Is Windows 8 Viable for Business? 

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Windows 8 is Microsoft’s follow up to the rock solid Windows 7. Since its release in November of 2012 the reaction has been divided. Some love the changes and praise Microsoft’s innovation, while others consider it to be one of the worst things to happen to desktop computing in a long time. Let’s go over the pros and cons of this new operation system.

Key Changes: 

The largest change by far in Windows 8 is the addition of the start menu. The start menu is not something that can be  avoided seeing as it is the first thing you will see every time you start up your Windows 8 PC. Is this new addition a boon or a bane for users? Well, on the consumer level it really comes down to preference on whether or not one enjoys the new interface. On a business level however I think the start menu is a large detriment to productivity.

Windows 8 Start Menu

This is due to several factors:

  • Full screen apps. These apps take away from multitasking potential. Example: You’re writing a report in Word, looking up references at the same time in your web browser. Windows 8 automatically full screens the browser (if your running Google Chrome, or Internet Explorer), hiding your document open in Word. If you prefer to have them open side by side you’ll have to do some additional searching to figure out how to disable the full screen mode of the browsers.
  • These full screen apps aren’t as effective for business. Some of the new full screen apps are quite beautiful in terms of their user interface and colours. However, in my several months of using Windows 8, I have not found a single one that seemed better than the desktop equivalent. I get more work done in the standard version of the apps then I do in the full screen version. All the major productivity apps: web browsers, Word, Xcel, PowerPoint, Photoshop, Visual Studio; run better in the old standard user interface than in the new full screen mode. 
  • The new start menu is designed for the home user, not business. Upon initial startup, your start menu is flashing your music, video, pictures, the weather, Facebook updates, and other things at you. In a business context, you’re looking to get things done, not be distracted by what your friends are up to. You can disable all of the social interaction, but it’s all enabled by default.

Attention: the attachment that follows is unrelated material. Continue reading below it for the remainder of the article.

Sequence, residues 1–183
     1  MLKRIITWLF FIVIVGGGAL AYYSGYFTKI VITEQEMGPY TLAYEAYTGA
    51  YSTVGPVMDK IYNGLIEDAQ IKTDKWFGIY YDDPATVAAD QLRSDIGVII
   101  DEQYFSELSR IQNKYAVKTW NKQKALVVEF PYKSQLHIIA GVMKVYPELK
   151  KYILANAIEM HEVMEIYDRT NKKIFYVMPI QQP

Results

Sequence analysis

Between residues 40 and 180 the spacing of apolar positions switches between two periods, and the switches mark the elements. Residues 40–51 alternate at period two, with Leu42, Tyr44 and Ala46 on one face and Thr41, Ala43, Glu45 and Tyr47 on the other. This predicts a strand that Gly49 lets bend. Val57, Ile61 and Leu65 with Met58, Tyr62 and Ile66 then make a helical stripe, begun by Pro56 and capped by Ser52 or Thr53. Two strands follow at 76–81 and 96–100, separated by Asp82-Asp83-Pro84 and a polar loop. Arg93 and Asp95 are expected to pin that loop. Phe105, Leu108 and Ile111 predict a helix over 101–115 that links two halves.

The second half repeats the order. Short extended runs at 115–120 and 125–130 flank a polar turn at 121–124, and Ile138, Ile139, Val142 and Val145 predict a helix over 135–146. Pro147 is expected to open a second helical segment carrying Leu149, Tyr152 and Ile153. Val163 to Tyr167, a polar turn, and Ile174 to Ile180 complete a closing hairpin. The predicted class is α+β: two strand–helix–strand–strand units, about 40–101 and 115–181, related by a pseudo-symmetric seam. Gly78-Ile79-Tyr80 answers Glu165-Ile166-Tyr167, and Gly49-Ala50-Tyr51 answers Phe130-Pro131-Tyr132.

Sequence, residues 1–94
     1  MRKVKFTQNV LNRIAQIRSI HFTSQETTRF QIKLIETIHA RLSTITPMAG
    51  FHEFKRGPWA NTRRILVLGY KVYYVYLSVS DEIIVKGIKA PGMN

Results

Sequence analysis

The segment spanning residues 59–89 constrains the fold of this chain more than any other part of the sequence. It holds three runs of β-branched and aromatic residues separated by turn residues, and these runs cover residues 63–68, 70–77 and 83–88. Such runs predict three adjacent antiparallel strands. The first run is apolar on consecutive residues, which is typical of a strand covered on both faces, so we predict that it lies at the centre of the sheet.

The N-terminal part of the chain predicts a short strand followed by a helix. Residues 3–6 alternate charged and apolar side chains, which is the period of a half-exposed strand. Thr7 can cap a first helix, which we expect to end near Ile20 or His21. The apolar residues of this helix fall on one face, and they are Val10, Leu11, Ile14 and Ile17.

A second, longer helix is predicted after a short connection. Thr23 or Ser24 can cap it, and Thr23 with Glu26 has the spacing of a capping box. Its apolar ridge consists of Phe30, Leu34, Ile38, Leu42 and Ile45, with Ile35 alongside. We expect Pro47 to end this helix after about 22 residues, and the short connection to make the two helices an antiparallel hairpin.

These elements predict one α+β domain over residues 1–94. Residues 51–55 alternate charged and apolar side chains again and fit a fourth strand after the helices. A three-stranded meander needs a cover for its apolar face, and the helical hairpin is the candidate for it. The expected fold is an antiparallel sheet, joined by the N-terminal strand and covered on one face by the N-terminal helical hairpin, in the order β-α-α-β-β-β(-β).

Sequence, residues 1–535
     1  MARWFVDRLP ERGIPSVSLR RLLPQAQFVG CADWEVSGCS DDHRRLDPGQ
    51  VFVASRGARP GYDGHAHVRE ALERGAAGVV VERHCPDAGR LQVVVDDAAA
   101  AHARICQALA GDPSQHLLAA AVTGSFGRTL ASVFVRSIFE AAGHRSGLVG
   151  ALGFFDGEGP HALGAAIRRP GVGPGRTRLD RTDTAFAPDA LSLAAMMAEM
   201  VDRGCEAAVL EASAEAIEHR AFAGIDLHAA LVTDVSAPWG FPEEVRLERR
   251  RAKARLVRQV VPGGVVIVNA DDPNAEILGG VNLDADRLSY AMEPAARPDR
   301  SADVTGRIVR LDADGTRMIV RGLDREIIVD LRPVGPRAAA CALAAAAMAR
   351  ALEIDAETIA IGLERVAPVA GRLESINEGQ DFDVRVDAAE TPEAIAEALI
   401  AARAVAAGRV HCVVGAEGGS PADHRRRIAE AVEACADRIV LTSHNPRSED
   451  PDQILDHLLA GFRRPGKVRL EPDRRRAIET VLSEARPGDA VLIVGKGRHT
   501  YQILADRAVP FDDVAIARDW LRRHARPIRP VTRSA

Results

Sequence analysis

Other than the start menu the changes in Windows 8 are very minor for the standard operator, who wields a mouse and keyboard, not a touchscreen.


What does Windows 8 do Better Than 7?

By far the best improvement Windows 8 offers over 7 is speed. My laptop start up times improved from around 55 seconds on Windows 7, to around 35 seconds on Windows 8. Once your computer is booted however any speed difference was indiscernible. Putting the new start menu aside, Windows 8 performs, looks, and feels, nearly identically to Windows 7.


Should My Business Upgrade?

Short answer: no. There’s nothing new that Windows 8 offers that you can’t find in Windows 7. It seems that Microsoft released an OS whose first focus was the touch screen tablet user, and whose second focus is the productivity focused PC user. The new start menu can be customized with a productivity focus, but Windows 7 start menu still does it better.


Windows 8 is a very sleek, and fast operating system, which makes improvements in many small areas. The new start menu however is a massive negative for productivity focused users. The new focus on full screen apps, and the new full screen start menu is certainly a step away from productivity in a world where the majority of us still use a keyboard and mouse instead of a touch screen.  


For another operating system perspective, check out our post on Ubuntu


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